Cholinesterase inhibitors are usually used to treat the symptoms of mild to moderate Alzheimer’s. They work by boosting the strength of certain nerve cells that the disease typically attacks. While they can’t completely stop or reverse the disease’s destructive process, they can slow it down quite a bit.
Common side effects of cholinesterase inhibitors include diarrhea, nausea, and vomiting, all of which can be reduced by taking your medication with food, and by starting low and upping the dose gradually.
The most common types of cholinesterase inhibitors prescribed are:
• Galantamine (Razadyne) for mild to moderate Alzheimer's
• Rivastigmine (Exelon) for mild to moderate Alzheimer's
• Donepezil (Aricept) for all stages of Alzheimer’s
Memantine (Namenda) is usually used to treat the symptoms of severe Alzheimer’s. It works by regulating one of the brain’s most important messenger chemicals – glutamate. Memantine is typically taken in the form of a syrup or pill, and the most common side effects include confusion, agitation, headaches, and dizziness.
If none of the medications above are working on their own, the FDA has also approved the use of donepezil in combination with memantine (Namzaric), which is usually found in capsule form. Common side effects include headaches, diarrhea, nausea, and vomiting.
Coping Tips For Alzheimer’s Sufferers
Being diagnosed with Alzheimer’s disease is always devastating news, but as soon as you get over the initial shock, you need to start finding ways to cope, so that you’ll be able to maximize your independence for the foreseeable future. Here are some tips that will help you better handle your day-to-day tasks, and keep on living a meaningful life:
• Create a strong coping strategy by identifying new challenges, prioritizing them, and creating a solution that works best for you.
• Set realistic goals, and only focus on things that you can do today!
• Develop a daily routine that’s easy to follow.
• Never try and multitask!
• Learn to recognize stress triggers.
• Realize that you have more than one shot at fixing most problems.
• Draw inner strength from family, friends, prayer, pets, hobbies, or anything else that you love!
• Try your best to be independent, but don’t be afraid to ask for help.
Coping Tips For Caregivers
It can be sad to see a relative, loved one or friend deteriorate from the effects of Alzheimer’s, but there are quite a few things that you can do to help make their quality of life a lot better, as well as making your job a little easier. Here are a few things you should keep in mind as a caregiver:
• Don’t even think about trying to argue with an Alzheimer’s sufferer – you will get nowhere.
• Ignoring the symptoms won’t make them go away.
• Be aware that too much medication can actually cause further memory loss, so always check with your doctor which ones are really necessary.
• Always listen to what they have to say, even if it makes little sense to you.
• It’s never too late to work on improving their brain health.
• Share your struggles and be open to receiving help.
• Remember to give yourself a break every once in a while.
• Don’t forget to prioritize!
• Remember that 20 minutes for you can feel like a whole day for them.
• Have difficult conversations about medical/legal issues early on, so that you can ensure that you will honor their wishes later on.
We’d also recommend trying out some of these 7 meaningful acts to help people with dementia.
The Most Promising Scientific Studies So Far
With every year that passes, members of the scientific community keeps gaining more and more knowledge about how Alzheimer’s disease works, and are constantly searching for new ways to prevent it, slow down its progression, and ultimately to cure it.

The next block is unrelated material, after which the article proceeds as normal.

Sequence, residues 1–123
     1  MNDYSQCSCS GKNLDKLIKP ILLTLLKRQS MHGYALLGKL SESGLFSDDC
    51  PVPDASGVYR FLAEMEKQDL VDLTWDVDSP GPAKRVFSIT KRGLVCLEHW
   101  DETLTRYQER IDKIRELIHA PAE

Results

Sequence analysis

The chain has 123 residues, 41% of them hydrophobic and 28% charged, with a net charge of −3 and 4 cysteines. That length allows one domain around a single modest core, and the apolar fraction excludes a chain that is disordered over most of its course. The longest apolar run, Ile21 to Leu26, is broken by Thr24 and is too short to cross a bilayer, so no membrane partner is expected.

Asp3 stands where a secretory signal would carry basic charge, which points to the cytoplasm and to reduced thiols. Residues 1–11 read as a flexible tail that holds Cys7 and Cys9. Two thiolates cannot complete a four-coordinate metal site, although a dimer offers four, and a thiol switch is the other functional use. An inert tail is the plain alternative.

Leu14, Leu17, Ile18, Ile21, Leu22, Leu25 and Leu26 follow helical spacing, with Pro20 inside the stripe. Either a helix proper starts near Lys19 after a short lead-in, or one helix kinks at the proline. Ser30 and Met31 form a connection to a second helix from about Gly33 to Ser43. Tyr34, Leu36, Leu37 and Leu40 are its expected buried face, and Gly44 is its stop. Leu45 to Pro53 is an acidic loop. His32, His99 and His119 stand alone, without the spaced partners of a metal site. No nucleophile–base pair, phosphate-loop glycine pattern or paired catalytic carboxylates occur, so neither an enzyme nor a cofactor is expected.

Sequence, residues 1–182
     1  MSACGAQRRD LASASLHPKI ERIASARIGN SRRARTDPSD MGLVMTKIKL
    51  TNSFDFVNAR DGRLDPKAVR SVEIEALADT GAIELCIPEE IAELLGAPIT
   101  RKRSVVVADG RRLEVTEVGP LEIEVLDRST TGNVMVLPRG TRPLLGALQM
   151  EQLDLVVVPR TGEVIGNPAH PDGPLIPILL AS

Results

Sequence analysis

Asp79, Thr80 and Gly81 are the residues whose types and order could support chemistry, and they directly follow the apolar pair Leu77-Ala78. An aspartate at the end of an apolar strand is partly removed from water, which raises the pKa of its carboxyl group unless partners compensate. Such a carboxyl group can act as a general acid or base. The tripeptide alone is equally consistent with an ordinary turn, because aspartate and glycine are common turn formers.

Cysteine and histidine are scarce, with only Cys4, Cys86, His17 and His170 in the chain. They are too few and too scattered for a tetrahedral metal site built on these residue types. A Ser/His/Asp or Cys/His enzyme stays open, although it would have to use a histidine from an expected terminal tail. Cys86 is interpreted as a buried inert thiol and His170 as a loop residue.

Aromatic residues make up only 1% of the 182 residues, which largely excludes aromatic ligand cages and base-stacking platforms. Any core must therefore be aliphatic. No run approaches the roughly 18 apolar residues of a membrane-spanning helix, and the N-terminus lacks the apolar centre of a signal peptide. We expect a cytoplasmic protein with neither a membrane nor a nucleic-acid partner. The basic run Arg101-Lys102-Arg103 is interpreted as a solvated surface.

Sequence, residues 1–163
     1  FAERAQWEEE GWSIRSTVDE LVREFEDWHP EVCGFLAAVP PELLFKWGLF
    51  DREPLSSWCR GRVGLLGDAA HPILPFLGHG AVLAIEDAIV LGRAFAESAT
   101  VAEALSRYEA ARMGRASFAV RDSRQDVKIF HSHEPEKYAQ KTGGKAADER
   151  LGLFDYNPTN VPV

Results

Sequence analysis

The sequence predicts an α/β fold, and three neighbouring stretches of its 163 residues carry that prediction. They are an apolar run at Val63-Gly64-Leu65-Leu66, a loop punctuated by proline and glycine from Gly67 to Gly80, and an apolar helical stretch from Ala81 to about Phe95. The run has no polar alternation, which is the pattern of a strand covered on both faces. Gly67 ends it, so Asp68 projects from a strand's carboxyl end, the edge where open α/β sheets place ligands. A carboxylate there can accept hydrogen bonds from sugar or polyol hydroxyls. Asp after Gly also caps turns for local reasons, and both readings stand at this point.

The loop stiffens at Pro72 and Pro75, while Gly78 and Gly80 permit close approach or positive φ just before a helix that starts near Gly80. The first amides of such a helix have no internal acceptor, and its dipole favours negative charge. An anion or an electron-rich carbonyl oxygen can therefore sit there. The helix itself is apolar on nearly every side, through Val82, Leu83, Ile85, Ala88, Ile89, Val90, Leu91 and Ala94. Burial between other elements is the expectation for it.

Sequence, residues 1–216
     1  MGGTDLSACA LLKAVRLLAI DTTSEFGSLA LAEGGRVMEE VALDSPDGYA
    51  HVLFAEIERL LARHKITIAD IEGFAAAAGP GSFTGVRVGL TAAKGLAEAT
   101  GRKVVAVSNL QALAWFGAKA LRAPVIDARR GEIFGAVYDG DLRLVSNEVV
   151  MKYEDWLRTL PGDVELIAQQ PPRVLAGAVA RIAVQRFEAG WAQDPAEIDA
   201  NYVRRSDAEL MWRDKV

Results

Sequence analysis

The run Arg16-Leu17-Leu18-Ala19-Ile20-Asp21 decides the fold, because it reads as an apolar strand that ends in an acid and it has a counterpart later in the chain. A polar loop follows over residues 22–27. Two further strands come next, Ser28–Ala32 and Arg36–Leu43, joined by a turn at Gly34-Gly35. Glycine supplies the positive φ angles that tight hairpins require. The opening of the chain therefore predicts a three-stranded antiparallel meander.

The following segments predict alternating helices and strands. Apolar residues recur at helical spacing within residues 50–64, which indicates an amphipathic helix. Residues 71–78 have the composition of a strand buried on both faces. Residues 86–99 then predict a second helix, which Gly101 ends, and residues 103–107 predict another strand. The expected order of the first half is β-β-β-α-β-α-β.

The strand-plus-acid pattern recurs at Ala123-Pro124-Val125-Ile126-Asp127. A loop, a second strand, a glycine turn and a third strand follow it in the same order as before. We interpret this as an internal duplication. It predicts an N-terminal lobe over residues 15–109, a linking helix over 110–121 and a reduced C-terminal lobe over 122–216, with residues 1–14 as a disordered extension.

Update - 28th March 2018: Scientists Discover Anti-Alzheimer's Antibodies
Scientists have now found yet another way to reverse the symptoms of Alzheimer's in mice. By using an antibody called HAE-4, researchers from the Washington University School of Medicine were able to successfully reduce the amount of Alzheimer's-causing amyloid plaque in the mice's brains by around 50%.
They also found that this process was selective enough to only affect cells within the brain, while leaving other areas untouched, thereby greatly reducing the chance of side effects being present. The researchers are now planning to explore the way in which similar antibodies work, before preparing to test this process out on human patients.
Update - 5th April 2018: Low Dopamine Levels Are Linked to Alzheimer's
A new study, published in the Journal of Alzheimer’s Disease, has now found that people with low dopamine levels may be at an increased risk of suffering from Alzheimer's disease in the future. The researchers analyzed 110 adults with certain memory testing techniques, as well as 3Tesla MRI technology, which is a type of MRI scan that's twice as powerful as normal, which allows for more accurate scans.
Their results showed that if the dopamine-rich area of the brain, called the ventral tegmental area, doesn't spend enough dopamine to the hippocampus, then the ability for a person to learn new information will gradually decline, which could ultimately end up causing Alzheimer's.
Scientists from UT Southwestern have recently discovered the earliest point in a neurodegenerative process that is thought to lead to dementia. The researchers have described their discovery like finding the 'Big Bang' of Alzheimer’s disease, and they hope that their work leads to new treatments and ways to detect the disease before major symptoms occur.
This new research focuses on a particular protein that is called tau, which can accumulate and kill neurons, and many researchers believe it to be the cause of Alzheimer's. It was previously believed that isolated tau proteins didn’t have a distinctly harmful shape until they began to aggregate with other tau proteins, but this new research has shown that a toxic tau protein actually presents itself as misfolded, exposing parts that are usually folded inside, before it begins to aggregate. It’s these exposed parts of the protein that enable aggregation, forming the larger toxic tangles.
Now that this early alteration in the shape of tau molecules has been identified, researchers can focus on potential drug targets to inhibit the toxic accumulation at this stage.
Discover more about this impressive development here.
Update - 27th August 2018: Scientists Discover & Cure Alzheimer's 'Zombie Cells'
A type of cellular stress that is linked to both cancer and aging has now also been found to be connected to Alzheimer's disease. UT Health San Antonio faculty researchers recently reported this discovery in the scientific journal, Aging Cell, and it is being hailed by leading scientists as a potentially massive step forward.
The researchers discovered that this stress, known as cellular senescence, does not outright kill the cell, but it may cause it to become zombie-like, altering its functions and killing surrounding cells. Incredibly, the researchers were able to decrease their presence, as well as the malignant tau protein tangles, using a combination of drugs including dasatinib and quercetin.
Learn more about this study here.